American Trucking Associations’advanced seasonally adjusted For-Hire Truck Tonnage Index increased 1.2% in January, following a revised gain of 0.1% during the previous month. In January, the index equaled 135.7 (2000=100), an all-time high.
Macy’s Inc (M.N) said sales and margins in the current quarter would be hurt by disruptions at U.S. West Coast ports, and the retailer forecast full-year profit and revenue that fell short of analysts’ expectations.
“The U.S. Leading Economic Index increased again in January, but its pace of growth has moderated in recent months,” said Ataman Ozyildirim, Economist at The Conference Board. “While the LEI suggests a positive short-term outlook in 2015, the lack of strong momentum in residential construction, along with a weak outlook for new orders in manufacturing, poses a downside risk for the U.S. economy.”
Congestion at the U.S. West Coast ports could take as much as two months to unwind, according to port and trade group officials, with retailers and other companies bracing for further shipment delays after the apparent resolution of a months-long labor dispute.
Ports are coming back to life along the U.S. West Coast after dockworkers resolved a nine-month labor standoff, though the cargo backlog from ships waiting offshore may take eight weeks to clear.
The Pacific Maritime Association (PMA) and the International Longshore Warehouse Union (ILWU) announced a tentative agreement that must still be approved by the ILWU membership.
The deal, confirmed in a joint statement by the two sides, was reached after the U.S. labor secretary arrived in San Francisco this week to help broker negotiations that had dragged on for nine months between the shippers and the International Longshore and Warehouse Union.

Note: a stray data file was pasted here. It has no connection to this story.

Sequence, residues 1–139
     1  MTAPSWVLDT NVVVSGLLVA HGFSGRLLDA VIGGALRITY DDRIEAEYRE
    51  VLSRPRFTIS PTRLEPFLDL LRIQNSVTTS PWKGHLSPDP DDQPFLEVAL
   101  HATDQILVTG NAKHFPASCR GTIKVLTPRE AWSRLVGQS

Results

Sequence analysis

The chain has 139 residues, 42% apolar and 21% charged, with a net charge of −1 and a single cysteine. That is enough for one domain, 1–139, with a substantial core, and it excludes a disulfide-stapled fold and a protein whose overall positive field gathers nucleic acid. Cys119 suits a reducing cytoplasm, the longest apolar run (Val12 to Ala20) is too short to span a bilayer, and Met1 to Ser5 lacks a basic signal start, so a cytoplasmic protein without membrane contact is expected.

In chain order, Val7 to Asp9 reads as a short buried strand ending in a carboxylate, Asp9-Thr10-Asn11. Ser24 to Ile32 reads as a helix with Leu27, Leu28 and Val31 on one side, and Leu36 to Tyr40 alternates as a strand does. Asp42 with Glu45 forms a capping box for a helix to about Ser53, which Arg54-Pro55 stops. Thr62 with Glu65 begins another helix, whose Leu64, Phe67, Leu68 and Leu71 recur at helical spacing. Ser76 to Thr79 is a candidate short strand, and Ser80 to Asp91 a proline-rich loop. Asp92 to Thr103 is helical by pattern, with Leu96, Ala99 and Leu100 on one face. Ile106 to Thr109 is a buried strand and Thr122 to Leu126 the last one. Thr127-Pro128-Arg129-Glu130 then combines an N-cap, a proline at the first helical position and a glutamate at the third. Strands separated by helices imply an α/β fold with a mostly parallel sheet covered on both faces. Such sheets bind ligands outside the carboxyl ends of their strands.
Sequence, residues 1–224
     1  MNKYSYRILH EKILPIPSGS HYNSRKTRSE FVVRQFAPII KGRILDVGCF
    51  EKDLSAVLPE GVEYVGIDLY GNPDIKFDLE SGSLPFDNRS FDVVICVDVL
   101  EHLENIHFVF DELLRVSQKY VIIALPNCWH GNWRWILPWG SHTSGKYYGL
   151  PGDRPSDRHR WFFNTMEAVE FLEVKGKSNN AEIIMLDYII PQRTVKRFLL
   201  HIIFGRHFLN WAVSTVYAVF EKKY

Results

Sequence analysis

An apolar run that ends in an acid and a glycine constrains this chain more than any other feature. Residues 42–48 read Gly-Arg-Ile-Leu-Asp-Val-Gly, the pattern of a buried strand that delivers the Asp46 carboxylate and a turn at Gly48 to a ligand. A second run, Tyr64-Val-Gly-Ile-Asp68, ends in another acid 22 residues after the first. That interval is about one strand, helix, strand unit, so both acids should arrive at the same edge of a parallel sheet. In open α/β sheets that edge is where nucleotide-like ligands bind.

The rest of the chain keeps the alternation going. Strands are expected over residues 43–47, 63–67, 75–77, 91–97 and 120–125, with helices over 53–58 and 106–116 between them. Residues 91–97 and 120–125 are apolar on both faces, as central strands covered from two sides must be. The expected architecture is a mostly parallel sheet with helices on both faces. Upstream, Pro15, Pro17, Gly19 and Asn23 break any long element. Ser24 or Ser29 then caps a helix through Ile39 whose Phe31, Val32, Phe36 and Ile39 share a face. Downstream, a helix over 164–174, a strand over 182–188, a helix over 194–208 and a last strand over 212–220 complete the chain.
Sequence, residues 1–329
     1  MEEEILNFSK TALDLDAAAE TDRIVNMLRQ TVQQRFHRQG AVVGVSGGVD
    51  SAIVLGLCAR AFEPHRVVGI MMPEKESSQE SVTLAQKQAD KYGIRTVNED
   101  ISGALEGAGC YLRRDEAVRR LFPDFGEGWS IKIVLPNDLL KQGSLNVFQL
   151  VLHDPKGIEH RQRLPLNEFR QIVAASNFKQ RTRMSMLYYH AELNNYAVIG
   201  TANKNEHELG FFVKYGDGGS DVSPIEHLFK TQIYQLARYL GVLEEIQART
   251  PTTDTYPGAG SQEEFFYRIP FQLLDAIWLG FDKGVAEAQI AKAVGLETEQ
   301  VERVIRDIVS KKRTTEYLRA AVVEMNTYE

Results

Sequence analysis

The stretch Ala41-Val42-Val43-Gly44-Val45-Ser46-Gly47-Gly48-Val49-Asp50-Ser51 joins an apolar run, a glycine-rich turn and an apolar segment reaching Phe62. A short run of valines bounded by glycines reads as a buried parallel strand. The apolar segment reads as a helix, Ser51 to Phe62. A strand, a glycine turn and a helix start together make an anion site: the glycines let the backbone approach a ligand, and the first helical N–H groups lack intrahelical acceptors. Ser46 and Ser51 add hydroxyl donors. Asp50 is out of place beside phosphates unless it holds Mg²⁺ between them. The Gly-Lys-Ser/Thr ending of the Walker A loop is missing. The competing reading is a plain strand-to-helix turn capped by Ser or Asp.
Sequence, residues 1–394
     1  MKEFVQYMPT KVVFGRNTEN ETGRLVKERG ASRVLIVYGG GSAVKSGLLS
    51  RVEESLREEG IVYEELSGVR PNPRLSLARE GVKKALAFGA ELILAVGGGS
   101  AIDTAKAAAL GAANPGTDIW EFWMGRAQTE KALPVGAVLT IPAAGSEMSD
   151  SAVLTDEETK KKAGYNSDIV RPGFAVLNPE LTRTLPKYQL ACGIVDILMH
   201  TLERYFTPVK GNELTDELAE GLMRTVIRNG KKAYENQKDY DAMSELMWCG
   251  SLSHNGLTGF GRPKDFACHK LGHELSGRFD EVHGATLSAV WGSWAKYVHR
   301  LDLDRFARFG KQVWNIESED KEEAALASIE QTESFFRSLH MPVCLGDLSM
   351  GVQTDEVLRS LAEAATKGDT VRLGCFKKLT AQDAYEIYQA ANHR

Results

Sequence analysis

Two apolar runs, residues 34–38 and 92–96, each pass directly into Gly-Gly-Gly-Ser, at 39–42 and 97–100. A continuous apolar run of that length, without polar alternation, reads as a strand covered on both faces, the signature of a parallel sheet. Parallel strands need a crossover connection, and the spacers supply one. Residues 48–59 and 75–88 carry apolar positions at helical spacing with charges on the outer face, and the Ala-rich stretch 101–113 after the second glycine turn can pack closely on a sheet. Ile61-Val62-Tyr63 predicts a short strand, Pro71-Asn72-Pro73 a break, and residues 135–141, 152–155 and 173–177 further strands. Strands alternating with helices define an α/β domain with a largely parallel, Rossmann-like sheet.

Negotiators in the nine-month standoff at U.S. West Coast ports are ratcheting up discussions as Labor Secretary Tom Perez seeks to move talks to Washington if dockworkers and their employers can’t reach a resolution.
U.S. oil-company job cuts that cost machinery operator Drew Sanford his spot at Halliburton Co. are shaping up as a boon for truckers desperate for big-rig drivers.
Already equipped with a commercial license, the 30-year-old Sanford left North Dakota and landed at Oklahoma City-based Stevens Trucking Co. He is sometimes on the road as long as four days at a stretch, but the working conditions are good, he said, and “I’ll probably just stick here for a while.”
While good in theory, shippers say, the result would be impracticable, expensive, difficult to enforce, and might end up doing more harm than good.
“Even if the rules were legally sound and well-designed (which they are not), Federal Motor Carrier Safety Administration (FMCSA) cannot credibly assert that its proposed rules can be implemented with no costs or other adverse impacts to shippers and intermediaries, or to the transportation system of which the trucking industry is the most important part,” the National Shippers Strategic Transportation Council (NASSTRAC) said in comments to the agency.